The conception of Colin Ireland was unplanned. When Colin's natural father discovered that his 17-year-old lover was pregnant, he disappeared. Colin's mother — who has expressed her wish to remain unnamed - was upset, but unsurprised, and her partner's absence did nothing to change her mind about having the baby. When she gave birth to her first son on 16 March 1954, in West Hill Hospital in Dartford, Kent, she decided not to name her baby's father on the birth certificate, and to this day Colin Ireland has no knowledge of him. Earning a meagre wage as a newsagent's assistant, Colin's mother was too young to be able to cope with motherhood by herself, both financially and emotionally, but Colin's grandparents were supportive. They agreed that their daughter and new grandchild should live with them and Colin's uncle at Myrtle Road in Dartford.
And there they stayed until 1959, when the arrival of relations from abroad prompted their move. Colin's mother was now twenty-two, a little more mature, and she decided that she and her five-year-old son should be more independent of their relatives. It was not to be that simple, and their move to Birch Road in Gravesend that year marked the first in a long series of physical and emotional upheavals. During the next six years Colin and his mother were to move a total of nine times. Colin's mother desperately wanted to provide her son with a decent home, but every time they moved into a place of their own she soon found herself unable to cope, with a small child to look after, and relying on part time and unskilled work. Their stay at Birch Road was short-lived, and they returned to Myrtle Road with Colin's grandparents again within the year.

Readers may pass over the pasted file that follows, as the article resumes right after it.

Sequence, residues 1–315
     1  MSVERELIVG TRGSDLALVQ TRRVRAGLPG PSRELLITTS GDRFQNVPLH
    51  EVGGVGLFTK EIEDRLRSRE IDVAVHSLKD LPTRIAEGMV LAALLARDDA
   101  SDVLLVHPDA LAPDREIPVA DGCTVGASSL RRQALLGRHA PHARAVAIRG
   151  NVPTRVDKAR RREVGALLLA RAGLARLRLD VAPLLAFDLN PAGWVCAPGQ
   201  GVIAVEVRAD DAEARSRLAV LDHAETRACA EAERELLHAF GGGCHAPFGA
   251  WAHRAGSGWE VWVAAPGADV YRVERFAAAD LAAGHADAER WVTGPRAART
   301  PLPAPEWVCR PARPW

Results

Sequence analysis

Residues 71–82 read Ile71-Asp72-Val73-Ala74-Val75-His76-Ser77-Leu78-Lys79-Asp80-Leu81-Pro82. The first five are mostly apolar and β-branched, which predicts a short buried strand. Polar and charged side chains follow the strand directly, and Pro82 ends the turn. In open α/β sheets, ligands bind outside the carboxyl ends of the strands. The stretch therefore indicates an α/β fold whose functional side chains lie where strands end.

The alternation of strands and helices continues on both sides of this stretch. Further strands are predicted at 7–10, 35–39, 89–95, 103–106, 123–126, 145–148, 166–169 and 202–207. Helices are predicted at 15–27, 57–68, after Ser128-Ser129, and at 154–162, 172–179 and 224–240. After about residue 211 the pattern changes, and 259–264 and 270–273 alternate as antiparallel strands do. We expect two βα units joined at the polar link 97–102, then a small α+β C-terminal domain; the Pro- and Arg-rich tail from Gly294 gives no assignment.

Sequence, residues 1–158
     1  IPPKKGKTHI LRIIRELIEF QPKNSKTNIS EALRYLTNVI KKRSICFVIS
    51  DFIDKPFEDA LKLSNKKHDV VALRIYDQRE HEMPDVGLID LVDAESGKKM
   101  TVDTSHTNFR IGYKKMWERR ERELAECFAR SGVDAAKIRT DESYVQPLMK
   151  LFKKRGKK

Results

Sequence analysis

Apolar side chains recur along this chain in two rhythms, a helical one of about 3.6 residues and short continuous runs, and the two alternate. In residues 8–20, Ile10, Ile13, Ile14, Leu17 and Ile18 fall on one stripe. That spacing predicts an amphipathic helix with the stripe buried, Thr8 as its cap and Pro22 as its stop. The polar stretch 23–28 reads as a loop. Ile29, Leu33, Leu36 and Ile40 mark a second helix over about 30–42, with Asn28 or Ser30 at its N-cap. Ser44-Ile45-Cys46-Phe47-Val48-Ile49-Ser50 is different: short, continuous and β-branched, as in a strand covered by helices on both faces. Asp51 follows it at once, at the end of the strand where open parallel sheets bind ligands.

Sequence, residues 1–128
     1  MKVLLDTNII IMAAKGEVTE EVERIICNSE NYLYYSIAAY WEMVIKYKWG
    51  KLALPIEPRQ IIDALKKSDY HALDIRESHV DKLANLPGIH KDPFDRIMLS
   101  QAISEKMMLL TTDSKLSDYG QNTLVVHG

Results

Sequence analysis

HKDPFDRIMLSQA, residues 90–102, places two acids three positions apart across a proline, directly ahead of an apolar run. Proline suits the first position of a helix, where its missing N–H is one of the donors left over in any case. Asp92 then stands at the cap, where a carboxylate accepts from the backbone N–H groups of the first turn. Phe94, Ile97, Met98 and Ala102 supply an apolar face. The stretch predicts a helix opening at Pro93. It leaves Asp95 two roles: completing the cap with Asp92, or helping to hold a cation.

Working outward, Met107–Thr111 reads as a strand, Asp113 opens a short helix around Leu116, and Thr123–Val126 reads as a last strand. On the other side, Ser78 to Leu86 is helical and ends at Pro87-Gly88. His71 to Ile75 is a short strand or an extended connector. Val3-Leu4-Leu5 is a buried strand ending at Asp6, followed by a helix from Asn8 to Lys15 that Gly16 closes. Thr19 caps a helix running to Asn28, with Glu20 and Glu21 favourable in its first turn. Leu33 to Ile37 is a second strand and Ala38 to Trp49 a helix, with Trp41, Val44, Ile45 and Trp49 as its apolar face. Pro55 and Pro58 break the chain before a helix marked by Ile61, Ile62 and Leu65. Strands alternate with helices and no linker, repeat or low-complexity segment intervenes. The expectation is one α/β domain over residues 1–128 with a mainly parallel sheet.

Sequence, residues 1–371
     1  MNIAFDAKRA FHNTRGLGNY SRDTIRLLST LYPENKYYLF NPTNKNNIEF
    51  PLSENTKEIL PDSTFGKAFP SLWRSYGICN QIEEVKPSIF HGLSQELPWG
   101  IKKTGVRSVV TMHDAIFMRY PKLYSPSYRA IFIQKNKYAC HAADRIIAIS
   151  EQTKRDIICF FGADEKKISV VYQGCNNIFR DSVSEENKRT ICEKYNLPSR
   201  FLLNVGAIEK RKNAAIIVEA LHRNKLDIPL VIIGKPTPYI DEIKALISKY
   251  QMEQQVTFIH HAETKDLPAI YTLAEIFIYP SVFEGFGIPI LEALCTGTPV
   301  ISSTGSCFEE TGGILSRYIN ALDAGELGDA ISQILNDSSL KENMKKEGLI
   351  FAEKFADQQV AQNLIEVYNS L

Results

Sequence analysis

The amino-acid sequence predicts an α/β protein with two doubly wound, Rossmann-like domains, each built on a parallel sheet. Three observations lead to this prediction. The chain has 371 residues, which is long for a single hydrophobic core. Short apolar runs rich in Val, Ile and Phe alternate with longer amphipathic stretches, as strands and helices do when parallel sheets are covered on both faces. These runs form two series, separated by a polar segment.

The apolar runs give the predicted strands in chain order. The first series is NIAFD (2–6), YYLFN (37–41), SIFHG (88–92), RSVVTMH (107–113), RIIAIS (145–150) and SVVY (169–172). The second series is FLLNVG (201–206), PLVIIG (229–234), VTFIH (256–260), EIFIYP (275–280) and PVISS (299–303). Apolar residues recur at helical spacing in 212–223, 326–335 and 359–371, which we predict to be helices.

In 1960, when more money had been saved, Colin and his mother moved out of her parents' house for the second time, to Chester Road in Sidcup, Kent. Later that same year, however, having hit upon hard times once more, they had no choice but to move out. Unwilling to rely on the charity of her parents again, Colin and his mother were forced to live at Westmalling in Maidstone, which was, in Ireland's own words:
"A camp for homeless women and children comprising of long wooden huts. In turn these contained small cell like accommodation, one unit per family. Worse than any prison, Westmalling was degradation personified. I can still remember my mother's tears when we first arrived, a woman who does not cry easily."